Posted on Sat 18 Aug 2012 at 16:44 by Dan Higgins
This is about a man called Julian Assange. He's been wanted in Sweden for questioning over alleged crimes of sexual violence against two women almost exactly two years ago.
After fleeing Sweden, being remanded in custody in the UK under a European arrest warrant, losing appeals, skipping bail in the UK and then hiding in the Ecuadorian embassy in London since June this year, Julian Assange has been granted political asylum by the Ecuadorian government. Apparently this is to protect him from the violation of human rights he would suffer if he were sent to Sweden to answer some questions about events his defence lawyer has already admitted
were "disreputable, discourteous, disturbing, or even pushing towards the boundaries of what they were comfortable with", and where the prosectution alleged that Assange initiated sex with a woman while she was asleep.
Assange denies the allegations, saying that sex was consensual, and we should note that the Swedish offence of rape is drawn more broadly than that we understand in the UK.
Nevertheless, commentary on Assange's attempts to avoid being extradited to Sweden centres around whether or not Sweden would allow him to be shipped off to the US and possibly face the death penalty for espionage for his work in a rather famous organisation called Wikileaks. European Court of Human Rights and Swedish law on the extradition of people facing a death penalty or torture is explained here
by Swedish foreign ministry spokesperson Anders Joerle. The twittersphere, blogsphere and other platforms for 'liberal lefties' have also been abuzz with the assertion that the women accusing Assange of sexual assault are government plants and it's all a big ploy to get him on US soil, via Sweden.
The real news is that none of this should ever have been such big news. This is the horribly familiar theme and narrative of alleged rape cases that happen everywhere, all the time - this one just made it on to the international stage because of the legend status of the man accused, and his attempt to hide behind international conspiracy theories to avoid normal legal process.
Rapists can be rich, powerful, good looking, charity workers, family men with charming personalities, articulate men with good careers and a close relationship with their mother. And yes, a rapist could be the leader of a movement that redefines media freedom- although of course I accept that he has not been convicted. That's something that should probably be decided in a Swedish courtroom, not judged or dismissed on the basis of Assange's 'freedom warrior' status.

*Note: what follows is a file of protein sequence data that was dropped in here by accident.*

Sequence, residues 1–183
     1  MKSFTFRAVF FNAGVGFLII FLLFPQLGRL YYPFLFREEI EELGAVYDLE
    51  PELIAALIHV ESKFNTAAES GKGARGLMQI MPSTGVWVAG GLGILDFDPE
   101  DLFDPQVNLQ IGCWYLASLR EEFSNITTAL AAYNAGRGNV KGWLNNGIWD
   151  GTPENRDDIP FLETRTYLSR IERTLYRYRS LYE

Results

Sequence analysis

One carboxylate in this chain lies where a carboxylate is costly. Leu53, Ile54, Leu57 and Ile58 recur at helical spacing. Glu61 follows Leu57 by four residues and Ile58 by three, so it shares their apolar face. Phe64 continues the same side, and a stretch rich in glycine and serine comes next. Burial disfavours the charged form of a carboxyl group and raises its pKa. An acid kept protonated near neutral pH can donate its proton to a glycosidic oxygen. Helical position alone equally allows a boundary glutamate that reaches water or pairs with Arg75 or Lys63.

In a stunning bout of irony, the body of the Assange supporters' argument seems to be along the lines of 'it must all be a big plot to hand him over to the Americans because there is no way the UK or Sweden would take accusations of rape and sexual assault so seriously'. As statement after statement is released from Assange supporters calling everyone stupid and naïve for thinking a government would go to such trouble for such 'minor offenses', I've still yet to completely get my head round the 'doublethink' logic that people who instantly dismiss alleged rape cases as a conspiracy can tell the world with a straight face that 'the authorities' don't tend to take violence against women seriously.
The conspiracy merry-go-round has been eagerly jumped on by Wikileaks themselves, who have seized their popularity and vigilante hero status to perpetuate some breathtaking conspiracy theories about Women Who Lie. Their vehement solidarity for their founder peaked on the 15th July this year (unfortunately my birthday) when Wikileaks tweeted
: 'Despite not even being charged, Assange is the most rape-smeared man in modern history. 2x to 4x that of Dominique Strauss Kahn, depending on how you measure."
I'm not entirely sure how Wikileaks are scientifically measuring the numbers of evil conniving women pretending to be raped so they can bring down senior political Big Names, but it doesn't seem like the most accurate science.
In Sweden 10% of reported rapes result in a conviction, just a few percent higher than in the UK. We still live in a world where women who make rape claims are portrayed
as liars, or deserving of rape. If it's a global plot, it's a risky one.
This is about society's inability to understand and accept that men who attack women are not all hiding in alleyways wearing balaclavas and looking like sinister pantomime villains. This is about a worldwide misconception that men who are wealthy or powerful and could easily have consensual sex with any number of women couldn't possibly rape anybody because 'they wouldn't need to'. Or that once somebody has consented to sex once already, their continued consent is implicit til the end of time.
3 million women in the UK experience some form of violence against women every year. That's about equivalent to the population of Wales. Every day on your campus, you'll walk past a number of victims and a number of perpetrators. And if you're a signed up member of the Justice for Assange troupe
, I'm afraid you may only be protecting the latter.
Finally, if you're passionate about protecting citizens from unfair criminal arrests that contravene human rights, here is a better place to go http://freepussyriot.org/